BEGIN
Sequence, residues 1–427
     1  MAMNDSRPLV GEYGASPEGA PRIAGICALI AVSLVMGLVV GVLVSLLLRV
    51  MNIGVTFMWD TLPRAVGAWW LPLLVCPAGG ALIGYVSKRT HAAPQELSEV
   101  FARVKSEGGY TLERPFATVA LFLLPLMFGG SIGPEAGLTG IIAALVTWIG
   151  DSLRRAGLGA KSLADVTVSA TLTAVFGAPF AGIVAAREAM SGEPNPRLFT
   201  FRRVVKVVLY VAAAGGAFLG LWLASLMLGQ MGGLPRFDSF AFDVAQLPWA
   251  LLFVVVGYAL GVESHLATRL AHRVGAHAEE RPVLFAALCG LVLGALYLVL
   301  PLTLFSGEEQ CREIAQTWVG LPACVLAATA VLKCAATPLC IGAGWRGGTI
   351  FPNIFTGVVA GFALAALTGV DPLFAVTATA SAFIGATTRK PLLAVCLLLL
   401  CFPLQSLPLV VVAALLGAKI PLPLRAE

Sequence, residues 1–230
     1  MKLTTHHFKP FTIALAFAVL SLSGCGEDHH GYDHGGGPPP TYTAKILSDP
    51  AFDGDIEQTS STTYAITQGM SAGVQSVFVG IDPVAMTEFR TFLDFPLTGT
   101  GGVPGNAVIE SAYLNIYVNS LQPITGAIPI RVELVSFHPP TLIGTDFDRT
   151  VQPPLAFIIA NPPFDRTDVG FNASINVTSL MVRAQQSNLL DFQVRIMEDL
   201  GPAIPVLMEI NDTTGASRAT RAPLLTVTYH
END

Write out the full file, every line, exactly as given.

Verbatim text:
Sequence, residues 1–427
     1  MAMNDSRPLV GEYGASPEGA PRIAGICALI AVSLVMGLVV GVLVSLLLRV
    51  MNIGVTFMWD TLPRAVGAWW LPLLVCPAGG ALIGYVSKRT HAAPQELSEV
   101  FARVKSEGGY TLERPFATVA LFLLPLMFGG SIGPEAGLTG IIAALVTWIG
   151  DSLRRAGLGA KSLADVTVSA TLTAVFGAPF AGIVAAREAM SGEPNPRLFT
   201  FRRVVKVVLY VAAAGGAFLG LWLASLMLGQ MGGLPRFDSF AFDVAQLPWA
   251  LLFVVVGYAL GVESHLATRL AHRVGAHAEE RPVLFAALCG LVLGALYLVL
   301  PLTLFSGEEQ CREIAQTWVG LPACVLAATA VLKCAATPLC IGAGWRGGTI
   351  FPNIFTGVVA GFALAALTGV DPLFAVTATA SAFIGATTRK PLLAVCLLLL
   401  CFPLQSLPLV VVAALLGAKI PLPLRAE

Sequence, residues 1–230
     1  MKLTTHHFKP FTIALAFAVL SLSGCGEDHH GYDHGGGPPP TYTAKILSDP
    51  AFDGDIEQTS STTYAITQGM SAGVQSVFVG IDPVAMTEFR TFLDFPLTGT
   101  GGVPGNAVIE SAYLNIYVNS LQPITGAIPI RVELVSFHPP TLIGTDFDRT
   151  VQPPLAFIIA NPPFDRTDVG FNASINVTSL MVRAQQSNLL DFQVRIMEDL
   201  GPAIPVLMEI NDTTGASRAT RAPLLTVTYH